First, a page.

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Common Name: Irish Moss | Scientific Name: Chondrus Crispus

Family Name: Algaceae


Chapter from my PhD Thesis

Chapter from my PhD Thesis

Part Used: Whole plant

Chemical Constituents: Significant phytochemicals include carrageennan. (8)

Chondrus crispus is a maritime algae found growing close to the shores of both the Old and New World . Its pharmaceutical name, Carrageen, comes from the town in Ireland where the official drug was collected in the last century. It contains muco-polysaccharides that rapidly go into solution when heated in water. Owing to this facility, it was used widely in medicine and as a culinary item. The drug was used to prepare Blanc-mange, a formerly popular desert.

In the British Isles , Chondrus was used for a variety of complaints including pulmonary and urinary tract affections. Most significantly, it was used to speed convalescence and to stabilise wasting diseases. (6) In the Caribbean Islands , residents report it to be a powerful vitality boosting drug, restoring physiological functions in those taken low by disease or age. Throughout that region it is a popular aphrodisiac said to increase male strength and virility. The drug was official in the National Formulary.

Eclectic uses (1–5)
Nutrient restorative, demulcent, expectorant.

Irritable states of the larynx and intestinal canal, irritable conditions of the kidneys and bladder.

Wasting conditions, any chronic disease, tuberculosis.

Diarrhoea, dysentery, acute or chronic, enlarged mesenteric glands, gastritis, mucous enteritis, diseases of the mucous membrane of the alimentary canal attended with irritation, dyspepsia.

Disorders of the kidneys and bladder, acute and chronic irritation and inflammation of the urinary organs, rachitis.

Phthisis, acute and chronic pulmonic inflammation, catarrh, chronic pectoral affections, acute and chronic bronchitis. (1–5)

The drug from Selye’s perspective

State of Resistance

The drug was used to raise resistance to all chronic diseases (tuberculosis, autoimmune disease, chronic pectoral conditions), and debility.

State of Exhaustion
The drug was used when resistance failed and State of Exhaustion commenced. Signs of State of Exhaustion treated with this drug include, wasting, diarrhoea and dysentery, gastritis, mucous enteritis, and mucous affections of the gastrointestinal tract and respiratory tract.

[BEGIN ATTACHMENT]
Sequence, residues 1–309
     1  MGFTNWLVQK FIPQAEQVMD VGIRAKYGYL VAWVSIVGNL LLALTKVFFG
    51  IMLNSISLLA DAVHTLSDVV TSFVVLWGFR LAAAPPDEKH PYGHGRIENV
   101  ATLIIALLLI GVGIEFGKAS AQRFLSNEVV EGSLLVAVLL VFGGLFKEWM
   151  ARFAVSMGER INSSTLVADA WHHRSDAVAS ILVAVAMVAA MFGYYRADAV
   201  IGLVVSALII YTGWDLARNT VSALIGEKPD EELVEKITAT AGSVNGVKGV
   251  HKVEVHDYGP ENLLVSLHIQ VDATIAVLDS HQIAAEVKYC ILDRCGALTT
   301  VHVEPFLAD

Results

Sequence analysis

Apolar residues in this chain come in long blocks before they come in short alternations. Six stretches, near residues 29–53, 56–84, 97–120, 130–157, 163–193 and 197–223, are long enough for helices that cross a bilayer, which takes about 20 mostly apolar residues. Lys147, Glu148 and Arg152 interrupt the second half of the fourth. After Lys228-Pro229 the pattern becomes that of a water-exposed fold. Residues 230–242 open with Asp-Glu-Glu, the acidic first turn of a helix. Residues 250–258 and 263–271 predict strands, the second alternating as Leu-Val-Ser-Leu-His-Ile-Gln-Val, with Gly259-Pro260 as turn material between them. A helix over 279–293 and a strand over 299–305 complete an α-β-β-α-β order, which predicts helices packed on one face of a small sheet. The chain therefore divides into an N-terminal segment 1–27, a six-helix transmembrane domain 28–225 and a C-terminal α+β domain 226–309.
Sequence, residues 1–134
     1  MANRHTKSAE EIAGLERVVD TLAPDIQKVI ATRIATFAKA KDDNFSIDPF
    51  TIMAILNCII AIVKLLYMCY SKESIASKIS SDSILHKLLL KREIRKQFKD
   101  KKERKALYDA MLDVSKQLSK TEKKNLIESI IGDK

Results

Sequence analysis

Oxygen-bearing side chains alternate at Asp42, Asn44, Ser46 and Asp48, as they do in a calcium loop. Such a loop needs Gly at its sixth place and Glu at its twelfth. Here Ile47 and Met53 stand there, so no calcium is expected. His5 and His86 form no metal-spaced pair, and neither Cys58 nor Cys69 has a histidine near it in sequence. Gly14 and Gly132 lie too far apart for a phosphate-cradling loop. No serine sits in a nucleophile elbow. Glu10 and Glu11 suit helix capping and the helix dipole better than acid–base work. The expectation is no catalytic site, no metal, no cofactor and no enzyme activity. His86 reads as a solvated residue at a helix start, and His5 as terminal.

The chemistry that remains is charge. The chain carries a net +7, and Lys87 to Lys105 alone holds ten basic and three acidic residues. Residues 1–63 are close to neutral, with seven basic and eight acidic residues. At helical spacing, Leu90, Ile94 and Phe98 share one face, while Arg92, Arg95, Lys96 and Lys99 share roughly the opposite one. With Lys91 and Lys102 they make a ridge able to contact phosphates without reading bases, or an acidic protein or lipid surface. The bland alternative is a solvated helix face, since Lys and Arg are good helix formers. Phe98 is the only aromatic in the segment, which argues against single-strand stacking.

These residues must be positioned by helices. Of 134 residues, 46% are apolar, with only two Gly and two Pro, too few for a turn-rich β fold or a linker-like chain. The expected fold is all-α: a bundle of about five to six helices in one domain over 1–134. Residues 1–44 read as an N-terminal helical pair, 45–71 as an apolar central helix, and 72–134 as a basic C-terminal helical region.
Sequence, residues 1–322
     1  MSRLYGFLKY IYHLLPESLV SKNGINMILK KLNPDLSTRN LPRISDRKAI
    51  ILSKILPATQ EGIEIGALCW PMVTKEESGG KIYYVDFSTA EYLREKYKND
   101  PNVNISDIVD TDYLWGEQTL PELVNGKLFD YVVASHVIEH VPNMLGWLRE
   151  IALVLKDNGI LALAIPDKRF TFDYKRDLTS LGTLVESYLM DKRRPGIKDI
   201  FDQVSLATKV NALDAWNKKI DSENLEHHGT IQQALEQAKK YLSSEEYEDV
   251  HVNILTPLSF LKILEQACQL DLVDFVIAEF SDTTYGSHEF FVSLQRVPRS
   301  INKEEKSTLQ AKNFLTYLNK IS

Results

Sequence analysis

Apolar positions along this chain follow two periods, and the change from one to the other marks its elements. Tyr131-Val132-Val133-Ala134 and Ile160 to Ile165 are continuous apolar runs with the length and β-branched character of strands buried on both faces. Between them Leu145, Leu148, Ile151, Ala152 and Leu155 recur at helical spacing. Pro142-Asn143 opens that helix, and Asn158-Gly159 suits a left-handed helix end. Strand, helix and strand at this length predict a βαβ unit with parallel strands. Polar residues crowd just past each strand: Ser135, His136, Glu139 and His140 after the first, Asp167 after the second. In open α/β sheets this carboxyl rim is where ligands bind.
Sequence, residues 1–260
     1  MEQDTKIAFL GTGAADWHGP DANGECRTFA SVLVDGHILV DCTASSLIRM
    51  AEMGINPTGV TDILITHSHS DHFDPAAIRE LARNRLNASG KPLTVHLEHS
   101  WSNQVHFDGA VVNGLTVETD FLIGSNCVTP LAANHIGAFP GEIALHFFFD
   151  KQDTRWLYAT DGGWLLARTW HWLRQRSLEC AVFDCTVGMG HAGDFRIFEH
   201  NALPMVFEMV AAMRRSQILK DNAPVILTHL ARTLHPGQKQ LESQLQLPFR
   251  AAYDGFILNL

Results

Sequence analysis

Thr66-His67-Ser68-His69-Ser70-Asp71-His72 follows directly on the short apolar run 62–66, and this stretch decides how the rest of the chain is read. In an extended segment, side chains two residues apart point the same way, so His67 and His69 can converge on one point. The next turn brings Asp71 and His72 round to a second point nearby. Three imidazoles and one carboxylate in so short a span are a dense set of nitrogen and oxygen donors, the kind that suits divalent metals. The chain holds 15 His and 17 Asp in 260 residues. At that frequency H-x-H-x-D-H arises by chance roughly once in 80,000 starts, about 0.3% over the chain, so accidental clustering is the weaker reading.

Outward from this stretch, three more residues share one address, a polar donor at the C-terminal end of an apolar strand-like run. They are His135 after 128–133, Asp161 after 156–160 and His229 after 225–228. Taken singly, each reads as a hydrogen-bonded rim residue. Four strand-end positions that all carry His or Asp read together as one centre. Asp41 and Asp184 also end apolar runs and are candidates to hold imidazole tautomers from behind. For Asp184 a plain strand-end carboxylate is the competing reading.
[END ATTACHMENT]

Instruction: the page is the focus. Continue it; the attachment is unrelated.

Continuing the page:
Adaptation Energy
From Selye’s perspective, the drug was used to augment the GAS, which suggests it increases adaptation energy. Evidence to this effect includes the following. The drug was used to raise resistance to infection and chronic disease. The drug was used when State of Exhaustion set in and the usual signs of that state appeared. When vitality flagged, the drug was administered.

Brekhman’s Adaptogen Criterion
An adaptogen should be innocuous and cause minimal disorders in the physiological functions of an organism.

Chondrus crispus is extensively used in the food and pharmaceutical industry. It contains large quantities of gelling polysaccharides, which makes it of use in the manufacture of dairy deserts (ice cream, yoghurt, etc.). Carrageenan, a Chondrus extract, is also an article of trade used widely by the food manufacture industry. Due to its widespread use,

Chondrus and the polysaccharides it contains have been widely studied and determined to be innocuous. (7)

The action of an adaptogen should be non-specific i.e. it should increase resistance to adverse influences of a wide range of factors of physical, chemical, and biological nature.

Clinically, Chondrus crispus was used to raise resistance to acute and chronic digestive, respiratory, and urinary disease. An infectious agent (bacterial or viral) or autoimmune disease could cause the disease. (1–5)

Experimentally, Chondrus crispus has been found to act as an immune stimulant. (7)

An adaptogen may possess normalising action irrespective of the direction of the foregoing pathological changes.